August 29, 2019

Is the process of state building a unilateral, national venture, or is it something more collaborative, taking place in the interstices between adjoining countries?

To answer this question, Asymmetrical Neighbors takes a comparative look at the state building process along China, Myanmar, and Thailand's common borderland area. It shows that the variations in state building among these neighboring countries are the result of an interactive process that occurs across national boundaries. Departing from existing approaches that look at such processes from the angle of singular, bounded territorial states, the book argues that a more fruitful method is to examine how state and nation building in one country can influence, and be influenced by, the same processes across borders. It argues that the success or failure of one country's state building is a process that extends beyond domestic factors such as war preparation, political institutions, and geographic and demographic variables. Rather, it shows that we should conceptualize state building as an interactive process heavily influenced by a "neighborhood effect." Furthermore, the book moves beyond the academic boundaries that divide arbitrarily China studies and Southeast Asian studies by providing an analysis that ties the state and nation building processes in China with those of Southeast Asia.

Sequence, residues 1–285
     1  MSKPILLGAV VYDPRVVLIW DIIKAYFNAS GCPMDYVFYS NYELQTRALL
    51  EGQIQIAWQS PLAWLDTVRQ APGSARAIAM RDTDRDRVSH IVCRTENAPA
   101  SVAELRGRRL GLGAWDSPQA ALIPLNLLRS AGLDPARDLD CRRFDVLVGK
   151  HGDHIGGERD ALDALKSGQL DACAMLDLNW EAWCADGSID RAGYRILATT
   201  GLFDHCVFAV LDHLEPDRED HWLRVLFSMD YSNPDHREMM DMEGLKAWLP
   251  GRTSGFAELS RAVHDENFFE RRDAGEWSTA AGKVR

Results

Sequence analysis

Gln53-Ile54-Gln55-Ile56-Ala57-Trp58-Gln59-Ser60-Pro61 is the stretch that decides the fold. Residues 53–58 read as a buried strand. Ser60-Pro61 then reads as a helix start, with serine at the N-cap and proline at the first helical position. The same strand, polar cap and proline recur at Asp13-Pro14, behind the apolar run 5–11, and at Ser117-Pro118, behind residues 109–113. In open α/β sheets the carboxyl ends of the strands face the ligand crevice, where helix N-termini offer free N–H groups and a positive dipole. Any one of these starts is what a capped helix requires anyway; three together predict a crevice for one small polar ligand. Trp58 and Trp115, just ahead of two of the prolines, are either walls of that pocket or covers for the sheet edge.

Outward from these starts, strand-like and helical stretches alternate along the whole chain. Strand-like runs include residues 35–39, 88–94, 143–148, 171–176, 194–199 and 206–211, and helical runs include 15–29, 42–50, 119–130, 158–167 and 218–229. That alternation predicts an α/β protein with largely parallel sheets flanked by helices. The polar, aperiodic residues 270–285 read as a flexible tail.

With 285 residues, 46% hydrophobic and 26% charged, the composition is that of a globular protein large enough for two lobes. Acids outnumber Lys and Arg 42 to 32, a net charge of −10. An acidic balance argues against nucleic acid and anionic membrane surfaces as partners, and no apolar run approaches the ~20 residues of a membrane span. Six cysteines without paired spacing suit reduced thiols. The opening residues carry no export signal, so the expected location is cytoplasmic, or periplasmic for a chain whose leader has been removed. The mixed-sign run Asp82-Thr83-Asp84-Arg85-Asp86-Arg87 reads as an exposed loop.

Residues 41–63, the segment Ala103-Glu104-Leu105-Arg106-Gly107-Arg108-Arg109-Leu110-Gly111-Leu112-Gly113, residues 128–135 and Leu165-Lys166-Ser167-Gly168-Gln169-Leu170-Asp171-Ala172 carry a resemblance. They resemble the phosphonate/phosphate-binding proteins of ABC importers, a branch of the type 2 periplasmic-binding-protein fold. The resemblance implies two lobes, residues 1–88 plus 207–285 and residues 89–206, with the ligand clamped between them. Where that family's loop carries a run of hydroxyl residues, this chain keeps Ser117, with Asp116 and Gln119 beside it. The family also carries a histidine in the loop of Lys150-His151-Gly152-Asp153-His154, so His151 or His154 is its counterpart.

• An in-depth examination of Myanmar's borderland ethnic politics
  • Provides a new theoretical perspective on borderland relations
  • Includes comprehensive coverage of China, Myanmar, and Thailand borderland relations
  • Insightful contribution on China's relations with mainland Southeast Asia

Published: 02 September 2019

256 Pages

6-1/8 x 9-1/4 inches

ISBN: 9780190060787

https://global.oup.com/academic/product/asymmetrical-neighbors-9780190060787?cc=us&lang=en&#

-----------------------------------------------------------------

Dr. Enze HAN is Associate Professor at the Department of Politics and Public Administration.  His research interests include ethnic politics in China, China's relations with Southeast Asia, especially with Myanmar (Burma) and Thailand, and the politics of state formation in the borderland area between China, Myanmar and Thailand. Dr. Han received a Ph.D in Political Science from the George Washington University in the United States in 2010. Afterwards he was a postdoctoral research fellow in the China and the World Program at Princeton University. During 2015-2016, he was a Friends Founders' Circle Member of the School of Social Science at the Institute for Advanced Study in Princeton, USA. In 2017, he was a fellow at the East Asia Institute in Seoul, South Korea. His research has been supported by the Leverhulme Research Fellowship, and British Council/Newton Fund. Prior to Hong Kong, Dr. HAN was Senior Lecturer in the International Security of East Asia at SOAS, University of London, United Kingdom.